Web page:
On Tuesday the 18th of January 2011 the newly formed 2020 Tax Commission will meet for the first time. The Commission will set out a plan for how Britain’s tax system should look by the year 2020. It will embark upon the most thorough investigation of the potential for ambitious tax reform in recent memory.
Spending cuts have been at the forefront of the political debate recently, but there is a pressing need for tax reform. Founded by the TaxPayers’ Alliance and the Institute of Directors (IoD), the 2020 Tax Commission will map out the way forward. It will assess the economic and moral case for radical tax reform and release a series of research papers analysing the key issues. Since the two organisations last collaborated in September 2009 on a plan to cut £50 billion from public spending, many of their suggestions have been made policy by the Coalition.
Allister Heath (Editor, City AM) will chair the Commission and David B. Smith (Chairman, IEA Shadow Monetary Policy Committee; Academic) will be Chief Economist.
Andrew Allum (Co-founder and Chairman, TaxPayers’ Alliance)
Richard Baron (Head of Taxation, Institute of Directors)
Kevin Bell (PR consultant and Trustee of the IEA)
Nick Bosanquet (Professor of Health Policy, Imperial College; Chairman, Volterra Health)
Rosemary Brown (Chairman, Gabbitas, Truman & Thring Educational Trust)
Mike Denham (Research Fellow, TaxPayers’ Alliance)
Martin Durkin (Managing Director, WAG TV)
Anthony J. Evans (Associate Professor of Economics , ESCP Europe Business School)
David Frost (Director General, British Chambers of Commerce)
Graeme Leach (Chief Economist and Director of Policy, Institute of Directors)
Andrew Lilico (Director and Principal, Europe Economics)
Mark Littlewood (Director General, Institute of Economic Affairs)
Douglas McWilliams (Chief Executive, Cebr)
Fraser Nelson (Editor, The Spectator)
Stephan Shakespeare (Chief Executive Officer and Co-Founder, YouGov plc)
Matthew Sinclair (Director, TaxPayers’ Alliance)
Families and businesses in the UK are taxed far too much and the system is too complicated. The 2020 Tax Commission will look at ways to address these problems, feeding into the debate about how to simplify the system. Throughout the year, the 2020 Tax Commission will be releasing research and new statistics to show just how complex the current system is, how it stifles growth and hits the living standards of ordinary families across the UK.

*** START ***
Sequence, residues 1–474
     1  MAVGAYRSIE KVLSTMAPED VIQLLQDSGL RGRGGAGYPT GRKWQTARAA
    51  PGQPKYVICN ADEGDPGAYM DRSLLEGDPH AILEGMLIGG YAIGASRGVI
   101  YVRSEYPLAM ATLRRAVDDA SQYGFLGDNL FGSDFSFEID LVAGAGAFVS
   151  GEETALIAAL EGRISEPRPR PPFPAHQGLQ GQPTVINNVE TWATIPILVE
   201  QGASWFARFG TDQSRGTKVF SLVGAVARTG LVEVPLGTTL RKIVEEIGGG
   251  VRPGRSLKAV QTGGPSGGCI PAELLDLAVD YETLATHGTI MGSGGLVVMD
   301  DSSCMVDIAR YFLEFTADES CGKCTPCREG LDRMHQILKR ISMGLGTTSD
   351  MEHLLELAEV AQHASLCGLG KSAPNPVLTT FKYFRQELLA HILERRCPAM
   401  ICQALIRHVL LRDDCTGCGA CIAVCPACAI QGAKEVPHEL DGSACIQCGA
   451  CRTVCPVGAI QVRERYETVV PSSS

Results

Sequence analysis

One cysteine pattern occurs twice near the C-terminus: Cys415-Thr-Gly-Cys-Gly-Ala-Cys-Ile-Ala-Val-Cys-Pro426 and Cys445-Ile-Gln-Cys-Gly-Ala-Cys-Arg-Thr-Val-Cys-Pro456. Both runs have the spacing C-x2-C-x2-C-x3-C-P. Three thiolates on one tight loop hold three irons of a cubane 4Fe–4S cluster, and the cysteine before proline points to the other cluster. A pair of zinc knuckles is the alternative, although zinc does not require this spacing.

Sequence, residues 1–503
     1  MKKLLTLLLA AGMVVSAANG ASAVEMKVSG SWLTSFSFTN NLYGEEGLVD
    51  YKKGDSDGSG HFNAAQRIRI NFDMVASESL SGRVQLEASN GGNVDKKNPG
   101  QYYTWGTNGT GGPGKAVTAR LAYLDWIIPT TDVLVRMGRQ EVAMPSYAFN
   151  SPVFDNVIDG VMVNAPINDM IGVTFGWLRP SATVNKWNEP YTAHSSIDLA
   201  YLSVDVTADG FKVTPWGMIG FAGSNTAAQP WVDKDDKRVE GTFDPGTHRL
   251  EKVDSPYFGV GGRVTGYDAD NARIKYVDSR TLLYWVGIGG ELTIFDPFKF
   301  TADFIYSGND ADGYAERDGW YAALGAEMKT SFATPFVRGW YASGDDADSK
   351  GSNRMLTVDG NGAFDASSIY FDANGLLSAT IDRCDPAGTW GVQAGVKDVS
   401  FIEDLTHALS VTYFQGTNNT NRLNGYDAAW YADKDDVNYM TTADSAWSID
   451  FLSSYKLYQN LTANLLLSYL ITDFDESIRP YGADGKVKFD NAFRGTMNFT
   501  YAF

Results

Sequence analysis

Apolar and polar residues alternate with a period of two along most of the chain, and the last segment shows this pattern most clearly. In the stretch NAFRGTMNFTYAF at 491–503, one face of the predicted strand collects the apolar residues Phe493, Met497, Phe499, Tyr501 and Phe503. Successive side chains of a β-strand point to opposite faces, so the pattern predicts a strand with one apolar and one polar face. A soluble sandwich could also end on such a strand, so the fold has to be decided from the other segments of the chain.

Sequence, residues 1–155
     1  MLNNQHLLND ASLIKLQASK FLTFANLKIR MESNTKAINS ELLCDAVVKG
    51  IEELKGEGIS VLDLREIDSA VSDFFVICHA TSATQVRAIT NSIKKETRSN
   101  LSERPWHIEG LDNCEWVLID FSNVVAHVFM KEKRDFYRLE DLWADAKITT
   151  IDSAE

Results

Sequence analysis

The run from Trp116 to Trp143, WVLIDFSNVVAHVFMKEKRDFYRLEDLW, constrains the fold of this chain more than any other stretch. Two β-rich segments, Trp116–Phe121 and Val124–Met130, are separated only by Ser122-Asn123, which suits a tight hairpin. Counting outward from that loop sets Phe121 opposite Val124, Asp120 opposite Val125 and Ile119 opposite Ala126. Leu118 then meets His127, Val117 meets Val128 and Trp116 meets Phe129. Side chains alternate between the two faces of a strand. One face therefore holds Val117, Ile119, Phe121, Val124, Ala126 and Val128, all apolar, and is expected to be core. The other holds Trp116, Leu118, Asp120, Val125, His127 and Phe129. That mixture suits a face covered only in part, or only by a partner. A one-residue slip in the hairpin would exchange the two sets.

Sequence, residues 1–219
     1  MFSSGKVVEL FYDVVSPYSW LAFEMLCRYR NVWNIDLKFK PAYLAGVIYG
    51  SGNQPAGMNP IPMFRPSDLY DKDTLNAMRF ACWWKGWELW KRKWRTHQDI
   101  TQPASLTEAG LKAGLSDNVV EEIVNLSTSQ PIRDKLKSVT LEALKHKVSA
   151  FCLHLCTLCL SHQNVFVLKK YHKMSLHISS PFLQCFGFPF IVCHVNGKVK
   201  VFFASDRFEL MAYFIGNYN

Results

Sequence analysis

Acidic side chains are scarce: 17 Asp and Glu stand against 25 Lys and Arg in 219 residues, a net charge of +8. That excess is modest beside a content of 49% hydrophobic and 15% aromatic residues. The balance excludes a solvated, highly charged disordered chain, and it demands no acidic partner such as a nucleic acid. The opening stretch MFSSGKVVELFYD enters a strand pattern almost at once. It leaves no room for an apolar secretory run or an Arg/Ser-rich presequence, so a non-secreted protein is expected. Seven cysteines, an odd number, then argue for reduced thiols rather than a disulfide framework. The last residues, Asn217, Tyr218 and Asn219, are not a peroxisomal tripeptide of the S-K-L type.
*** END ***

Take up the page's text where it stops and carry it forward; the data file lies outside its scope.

The Commission will also gather submissions and hear from tax experts, academics and business leaders. As the Government tries to tackle the deficit, it is important that a credible and robust long-term plan for tax reform is articulated. The 2020 Tax Commission will explore ways to do this and conclude with a major report in early 2012.
The Prime Minister recently said we need to rebalance our economy “by creating a climate in which the private sector can grow and develop, creating jobs and opportunities for people across the country”; the 2020 Tax Commission aims to plot a course for tax reforms that can help this to happen.
Allister Heath, Chairman of the newly formed 2020 Tax Commission, said:
“Families and businesses in the UK are taxed far too much and the system is horribly complicated. Consecutive governments have taken money out of the pockets of taxpayers to give some back as benefits and grants to selected companies; this convoluted system is costly to administer and prone to error. It’s also unfair and a smaller, more responsive state should not only be an economic objective but a political one too. The present system is stifling economic growth, at a time when we need entrepreneurs to flourish and create jobs, and hikes in taxes like VAT and fuel duty are putting huge pressure on the cost of living for ordinary families. The work of the 2020 Tax Commission will look at ways to address these problems, and to push for real and sustainable changes to overhaul the tax system by the year 2020.”
Lord Lawson, former Chancellor of the Exchequer, offered this endorsement:
“Britain has enjoyed highly beneficial results from ambitious tax reforms in the past. It is vital that the arguments for lower, simpler taxes are made again and that as the economy and the public finances recover we have a plan for a better tax system. By 2020, we should be in a position where we can start to take great steps and work to deliver a tax system that will deliver economic prosperity. The work of the TaxPayers’ Alliance and the Institute of Directors in the 2020 Tax Commission can make a valuable contribution and help make that happen.”